The World Health Organization (WHO) defines suicidal behaviour as “a range of behaviours that include thinking about suicide (or ideation), planning for suicide, attempting suicide and suicide itself” [1]. Suicidal ideation, suicidal planning, and (repeated) attempted suicide represent important risk factors for suicide mortality in the general population [1,2,3]. Globally, 703,000 suicidal deaths are recorded annually, representing more than one in every 100 deaths in 2019 [4]. Among young persons aged 15–19 years, suicide was the third leading cause of death among girls (after maternal conditions) and the fourth leading cause of death in boys, after tuberculosis – as at the end of 2019 [4]. About 79% of the world’s suicides are recorded in low- and middle-income countries (LMICs), with the Africa region recording the highest rate – 11.2 per 100,000 people [4, 5]. However, national-level representative data on suicidal ideation, planning, and attempts, and their associated factors are still less than enough to support research-informed intervention and prevention efforts and programmes, particularly in LMICs, including those in Africa [1].

Evidence from a recent global systematic review and meta-analysis suggests varying 12-month prevalence estimates of suicidal behaviour among adolescents: suicide ideation = 14.2% (95% confidence interval [CI] = 11.6–17.3%), suicidal planning = 7.5% (CI = 4.5–12.1%), and suicide attempt = 4.5% (95% CI = 3.4–5.9%) [6]. Comparatively, pooled regional rates drawing on published data from the World Health Organization Global School-based Student Health Survey (WHO-GSHS) indicate that the 12-month prevalence estimates of adolescent suicidal behaviour in LMICs are higher in the African region: ideation = 21% (95%CI = 20.1–21.0%), suicidal plan = 23.7% (95%CI = 19.1–28.3%), and attempt = 16.3% (95% CI = 8.4–29%) [7,8,9]. Notably, the 12-month median prevalence estimate of adolescent self-harm in Southern sub-Saharan Africa – where Namibia is located – (16.5% interquartile range [IQR] = 10.9–24.0%) is comparable to the overall estimate across the sub-Saharan region (16.9% [IQR] = 11.5–25.5%) [10].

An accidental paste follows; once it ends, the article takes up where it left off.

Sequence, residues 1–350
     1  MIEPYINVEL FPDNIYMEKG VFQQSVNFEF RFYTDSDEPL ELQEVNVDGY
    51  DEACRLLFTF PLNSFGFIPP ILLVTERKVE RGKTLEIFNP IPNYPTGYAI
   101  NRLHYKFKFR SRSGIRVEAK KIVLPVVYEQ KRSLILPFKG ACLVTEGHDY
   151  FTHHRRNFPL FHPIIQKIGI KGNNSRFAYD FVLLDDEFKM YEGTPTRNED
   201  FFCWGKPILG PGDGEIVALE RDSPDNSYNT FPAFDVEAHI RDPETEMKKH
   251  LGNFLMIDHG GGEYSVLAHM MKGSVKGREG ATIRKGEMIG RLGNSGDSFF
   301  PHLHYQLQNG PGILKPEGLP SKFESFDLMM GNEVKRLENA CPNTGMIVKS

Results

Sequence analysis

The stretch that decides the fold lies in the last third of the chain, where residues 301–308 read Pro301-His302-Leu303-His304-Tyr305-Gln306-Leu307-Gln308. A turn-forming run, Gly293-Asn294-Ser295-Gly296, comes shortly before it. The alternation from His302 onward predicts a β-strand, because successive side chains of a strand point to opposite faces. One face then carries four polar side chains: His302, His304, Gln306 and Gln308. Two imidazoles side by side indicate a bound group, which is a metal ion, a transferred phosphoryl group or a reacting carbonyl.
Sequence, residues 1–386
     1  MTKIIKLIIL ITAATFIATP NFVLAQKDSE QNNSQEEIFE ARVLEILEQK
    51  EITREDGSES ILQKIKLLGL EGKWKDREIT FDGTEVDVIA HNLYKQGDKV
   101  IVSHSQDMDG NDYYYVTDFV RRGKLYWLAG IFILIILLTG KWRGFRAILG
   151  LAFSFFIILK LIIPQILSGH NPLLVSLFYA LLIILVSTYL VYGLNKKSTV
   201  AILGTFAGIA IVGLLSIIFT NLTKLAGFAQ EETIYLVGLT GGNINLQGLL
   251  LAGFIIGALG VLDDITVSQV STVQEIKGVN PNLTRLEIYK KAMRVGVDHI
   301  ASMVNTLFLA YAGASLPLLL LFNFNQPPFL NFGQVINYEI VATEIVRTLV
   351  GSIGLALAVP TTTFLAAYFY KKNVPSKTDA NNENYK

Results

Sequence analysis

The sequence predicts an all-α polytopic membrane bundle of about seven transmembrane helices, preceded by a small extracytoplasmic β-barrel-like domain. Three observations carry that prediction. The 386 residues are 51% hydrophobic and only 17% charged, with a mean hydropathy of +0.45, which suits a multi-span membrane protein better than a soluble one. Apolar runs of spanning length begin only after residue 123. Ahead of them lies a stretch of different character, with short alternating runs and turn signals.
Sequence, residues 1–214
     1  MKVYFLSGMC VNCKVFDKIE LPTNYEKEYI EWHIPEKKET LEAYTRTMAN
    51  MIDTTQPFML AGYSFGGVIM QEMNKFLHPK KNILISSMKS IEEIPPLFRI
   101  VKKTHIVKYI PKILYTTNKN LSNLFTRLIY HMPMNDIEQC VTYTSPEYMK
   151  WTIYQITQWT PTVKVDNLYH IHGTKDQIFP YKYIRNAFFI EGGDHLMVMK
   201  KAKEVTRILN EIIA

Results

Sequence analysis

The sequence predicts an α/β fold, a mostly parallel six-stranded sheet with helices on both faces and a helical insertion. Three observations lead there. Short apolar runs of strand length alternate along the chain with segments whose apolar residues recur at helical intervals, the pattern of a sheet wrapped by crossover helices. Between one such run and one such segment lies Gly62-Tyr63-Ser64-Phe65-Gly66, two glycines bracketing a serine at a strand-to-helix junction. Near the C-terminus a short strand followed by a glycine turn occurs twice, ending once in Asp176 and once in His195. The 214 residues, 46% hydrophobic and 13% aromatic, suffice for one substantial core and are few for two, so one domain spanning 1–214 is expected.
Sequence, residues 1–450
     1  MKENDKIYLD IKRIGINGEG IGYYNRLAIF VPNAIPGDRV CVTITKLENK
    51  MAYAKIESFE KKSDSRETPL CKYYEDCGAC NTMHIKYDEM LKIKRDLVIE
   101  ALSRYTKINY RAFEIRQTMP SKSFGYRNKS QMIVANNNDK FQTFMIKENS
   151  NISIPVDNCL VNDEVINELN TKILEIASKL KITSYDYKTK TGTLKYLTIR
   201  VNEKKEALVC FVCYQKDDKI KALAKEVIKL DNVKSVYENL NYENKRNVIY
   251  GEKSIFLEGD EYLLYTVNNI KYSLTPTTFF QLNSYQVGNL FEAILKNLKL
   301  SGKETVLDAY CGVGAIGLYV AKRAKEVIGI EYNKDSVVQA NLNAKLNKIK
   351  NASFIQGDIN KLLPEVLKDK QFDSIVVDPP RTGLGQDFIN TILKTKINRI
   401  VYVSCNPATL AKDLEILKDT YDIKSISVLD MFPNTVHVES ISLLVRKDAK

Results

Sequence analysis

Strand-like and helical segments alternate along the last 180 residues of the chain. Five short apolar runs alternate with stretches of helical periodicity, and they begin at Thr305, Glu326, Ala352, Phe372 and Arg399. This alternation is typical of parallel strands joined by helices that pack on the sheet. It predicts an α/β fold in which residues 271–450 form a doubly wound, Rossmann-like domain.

Factors associated with suicidal behaviour among adolescents in LMICs, including those in (sub-Saharan) Africa, have been found to exist at the individual-level (e.g., [female] gender, low self-worth, hopelessness, HIV/AIDS and other chronic medical conditions in adolescents, alcohol and drug [mis]use, depression, and anxiety and other untreated psychiatric conditions) [7, 8, 10, 11], family-level (e.g., parental understanding and support, food insecurity [hunger], conflict with parents, parental divorce, physical abuse victimisation, conflict between parents, child marriage, parental/family poverty) [8, 10, 12], interpersonal-level (e.g., lack of peer support, romantic relationships problems, breakups, sexual abuse victimisation) [8, 10, 12], school context (bullying victimisation, peer support at school, poor school climate, peer suicide or attempted suicide, and poor academic performance, truancy) [8, 12], and the broader community-level – e.g., community violence or war, poverty [10, 12,13,14]. The multi-layered and multi-contextual nature of the factors associated with adolescent suicidal behaviour can be understood within the socio-ecological model. The socio-ecological model provides a helpful framework to understanding and preventing (adolescent) suicidal behaviour in that the model considers an integration of population-specific and general risks and protective factors [1, 15, 16].